For example, if leaving a party immediately is just not possible or preferable, promise a result that will occur at a later time, such as no video games for a week. Follow this same process each time:
- Get your child’s full attention. Never make this type of promise to a running child or one still engaged in play. If you want the message to truly be received, you must have the full attention of the child.
- Explain the unacceptable behavior.
- Explain what will happen if nothing changes.
- Allow the child make up his or her own mind as to what action they will take.
Unless the behavior is life-threatening, you might allow the child to continue the behavior unabated.
Yet, imagine the reaction when, hours later, you calmly implement the punishment and, for example, removed the game device. The next time, if there is a next time, the child will take the promise much more seriously.
This is the most critical step; Never promise a result of continued unacceptable behavior without keeping your promise. You must show the child consistency and that your promises are not idle threats.
Never make a promise to a child, or anyone for that matter, that you aren’t going to keep.
Please understand that by “punishment” I don’t endorse or encourage corporeal punishment for a child. Punishment is simply meant to describe a result of unacceptable behavior. It is up to you, the parent or care-giver, what is fair and just for your child.
Even though I used the word, “child” throughout this blog, I suggest the same rules apply when dealing with teenagers and people at work you manage. As a parent and manager myself for over
35 years, I have lived by this concept and it has always worked well for me.
I was watching my nephew play Minecraft last weekend. In case you have been living in a cave, Minecraft is a blocky video game that is all the craze with young children.
He was interrupted by his mother to open a small gift. It was maze cube where the object is to tilt the cube back and forth to guide a metal ball through the maze to release a latch. Inside the cube is money.
He picked up the cube, tried the maze for all of 5 seconds, tossed it aside and went back to banging on the keyboard.
This demonstration of impatient behavior made me wonder. Is technology, in all it’s immediate gratification glory, training us and our children to no longer have patience with anything more than to blow up, get captured or win a level?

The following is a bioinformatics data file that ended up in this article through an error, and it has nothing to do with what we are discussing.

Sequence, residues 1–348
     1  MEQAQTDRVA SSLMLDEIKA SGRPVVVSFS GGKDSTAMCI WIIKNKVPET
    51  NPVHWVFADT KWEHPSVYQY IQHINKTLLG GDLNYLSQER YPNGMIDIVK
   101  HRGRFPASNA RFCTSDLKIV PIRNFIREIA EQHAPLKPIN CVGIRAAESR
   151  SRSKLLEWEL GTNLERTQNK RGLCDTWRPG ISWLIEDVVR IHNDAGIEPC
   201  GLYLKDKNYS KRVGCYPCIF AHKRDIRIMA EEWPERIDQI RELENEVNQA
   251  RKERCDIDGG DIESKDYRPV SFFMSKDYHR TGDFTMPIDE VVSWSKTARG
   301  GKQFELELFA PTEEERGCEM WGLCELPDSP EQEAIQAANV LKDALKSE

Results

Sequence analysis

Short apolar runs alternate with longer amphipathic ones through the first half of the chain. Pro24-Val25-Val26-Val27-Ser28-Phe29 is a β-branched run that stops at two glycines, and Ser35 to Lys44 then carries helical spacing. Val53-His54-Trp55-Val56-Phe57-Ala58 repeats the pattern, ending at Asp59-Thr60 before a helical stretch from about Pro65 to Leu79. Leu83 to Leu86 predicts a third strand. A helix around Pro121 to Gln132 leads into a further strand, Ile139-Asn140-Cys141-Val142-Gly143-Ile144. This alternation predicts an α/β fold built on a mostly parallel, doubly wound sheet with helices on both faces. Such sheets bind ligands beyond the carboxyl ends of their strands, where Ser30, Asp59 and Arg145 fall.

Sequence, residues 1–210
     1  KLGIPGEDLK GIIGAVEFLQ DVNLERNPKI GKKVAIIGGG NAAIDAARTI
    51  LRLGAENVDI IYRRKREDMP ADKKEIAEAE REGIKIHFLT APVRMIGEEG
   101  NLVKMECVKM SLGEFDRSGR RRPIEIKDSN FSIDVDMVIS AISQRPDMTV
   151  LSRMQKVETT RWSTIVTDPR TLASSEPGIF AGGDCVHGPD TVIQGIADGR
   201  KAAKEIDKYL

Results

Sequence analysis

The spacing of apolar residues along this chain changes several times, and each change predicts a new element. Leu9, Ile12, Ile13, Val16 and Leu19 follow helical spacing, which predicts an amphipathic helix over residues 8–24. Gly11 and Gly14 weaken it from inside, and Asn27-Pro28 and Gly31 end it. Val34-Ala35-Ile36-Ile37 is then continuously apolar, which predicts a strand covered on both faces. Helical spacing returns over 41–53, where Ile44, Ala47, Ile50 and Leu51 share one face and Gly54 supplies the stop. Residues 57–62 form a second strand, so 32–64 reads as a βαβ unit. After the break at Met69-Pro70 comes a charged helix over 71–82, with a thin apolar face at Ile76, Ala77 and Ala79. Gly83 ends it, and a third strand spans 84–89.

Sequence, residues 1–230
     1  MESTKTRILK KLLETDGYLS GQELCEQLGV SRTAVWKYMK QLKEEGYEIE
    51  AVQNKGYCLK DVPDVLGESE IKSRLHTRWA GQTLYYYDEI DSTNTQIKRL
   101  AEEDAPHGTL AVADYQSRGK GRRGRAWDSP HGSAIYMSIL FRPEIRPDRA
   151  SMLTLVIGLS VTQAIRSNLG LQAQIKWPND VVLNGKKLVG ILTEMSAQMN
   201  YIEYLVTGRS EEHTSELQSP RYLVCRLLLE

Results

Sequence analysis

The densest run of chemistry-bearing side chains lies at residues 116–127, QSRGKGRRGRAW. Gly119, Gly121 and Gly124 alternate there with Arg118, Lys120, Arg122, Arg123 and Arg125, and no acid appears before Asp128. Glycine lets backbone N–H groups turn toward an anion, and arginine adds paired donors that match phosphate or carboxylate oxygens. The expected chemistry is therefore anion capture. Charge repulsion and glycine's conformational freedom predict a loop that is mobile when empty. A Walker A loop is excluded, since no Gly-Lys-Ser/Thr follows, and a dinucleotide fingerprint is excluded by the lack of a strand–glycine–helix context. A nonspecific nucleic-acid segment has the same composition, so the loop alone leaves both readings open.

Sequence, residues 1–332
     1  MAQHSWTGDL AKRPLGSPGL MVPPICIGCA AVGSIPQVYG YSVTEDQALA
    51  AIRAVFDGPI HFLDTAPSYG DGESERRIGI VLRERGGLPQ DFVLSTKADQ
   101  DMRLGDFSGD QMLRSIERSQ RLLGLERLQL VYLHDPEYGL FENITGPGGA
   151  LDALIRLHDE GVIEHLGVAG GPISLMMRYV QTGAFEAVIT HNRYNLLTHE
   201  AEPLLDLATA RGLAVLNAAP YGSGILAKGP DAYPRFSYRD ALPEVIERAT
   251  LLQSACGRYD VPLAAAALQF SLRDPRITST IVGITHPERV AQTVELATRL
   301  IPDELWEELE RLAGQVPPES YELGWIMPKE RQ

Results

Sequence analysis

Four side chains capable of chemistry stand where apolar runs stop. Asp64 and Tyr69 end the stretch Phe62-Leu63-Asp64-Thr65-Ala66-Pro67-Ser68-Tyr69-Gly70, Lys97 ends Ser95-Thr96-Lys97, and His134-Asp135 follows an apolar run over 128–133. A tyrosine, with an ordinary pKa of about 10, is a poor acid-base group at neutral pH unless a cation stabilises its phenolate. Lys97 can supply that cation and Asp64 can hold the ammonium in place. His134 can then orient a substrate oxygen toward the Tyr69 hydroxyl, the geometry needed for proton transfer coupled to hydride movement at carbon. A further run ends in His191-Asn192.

There are plenty of much more qualified experts than me to ponder and study this question. However, intuitively, I feel there is a shift happening.
We’ve all heard about Millennials needing immediate feedback, preferably pats on the back (equivalent to “likes”) from their bosses. (Is there a correlation here that in many games, the ultimate opponent on each level is called “The Boss”?) While they impatiently await promotions and other perks on the job, which is greatly in vogue following Google’s model, they lack the patience to even memorize a phone number.
When was the last time you actually memorized a phone number? I know it’s been many years for me. I don’t even know my own daughter’s.
I know you are thinking we don’t need to, anymore, but I shudder to consider losing my phone during an earthquake and having no way to contact her. Of course, that is until the stores re-open and I can download my contacts into my new phone from the mysterious cloud.
Are we hurtling towards a future video game-suckled generation that will treat their lives like a series of quick hurdles? Will they lack the ability to settle in for the long haul to tackle the big issues? You might want to read another blog of mine called “Why do I have to learn Algebra???” as you consider this issue.
Whether these questions concern you or not, it does serve as a reminder to introduce other activities other than technology-based into our children’s lives. Activities that may challenge them in the real-world without quick and easy solutions.
These may be different for different families ranging from reading to outdoor exercise. The key is balance.
Technology is not going away and, undeniably, has improved our lives. Yet the maxim applies here: be aware of too much of a good thing.
Who knew a simple marketing query e-mail to Susan Goulding, a Staff Reporter for the OC Register, would receive such a quick and excited response.
Sometimes, I think, we make things harder than they need to be. Susan immediately responded, expressing interest, and said she would be in touch. She was true to her word.
The next day I received a phone call, “Mark, will next Wednesday work for you? I will have a professional photographer with me.” Talk about exciting! My first article!
For 2-1/2 hours I answered all of Susan’s questions and posed for photos while Susan interviewed my neighbor and his 5-year old daughter, who had purchased The Storytelling Box.
Being 59, I asked the Photographer if he wanted to back up a little, maybe to Fullerton, but he insisted on a close-up. Where was my makeup person, my hair stylist and gauze to shoot through (shades of Doris Day)?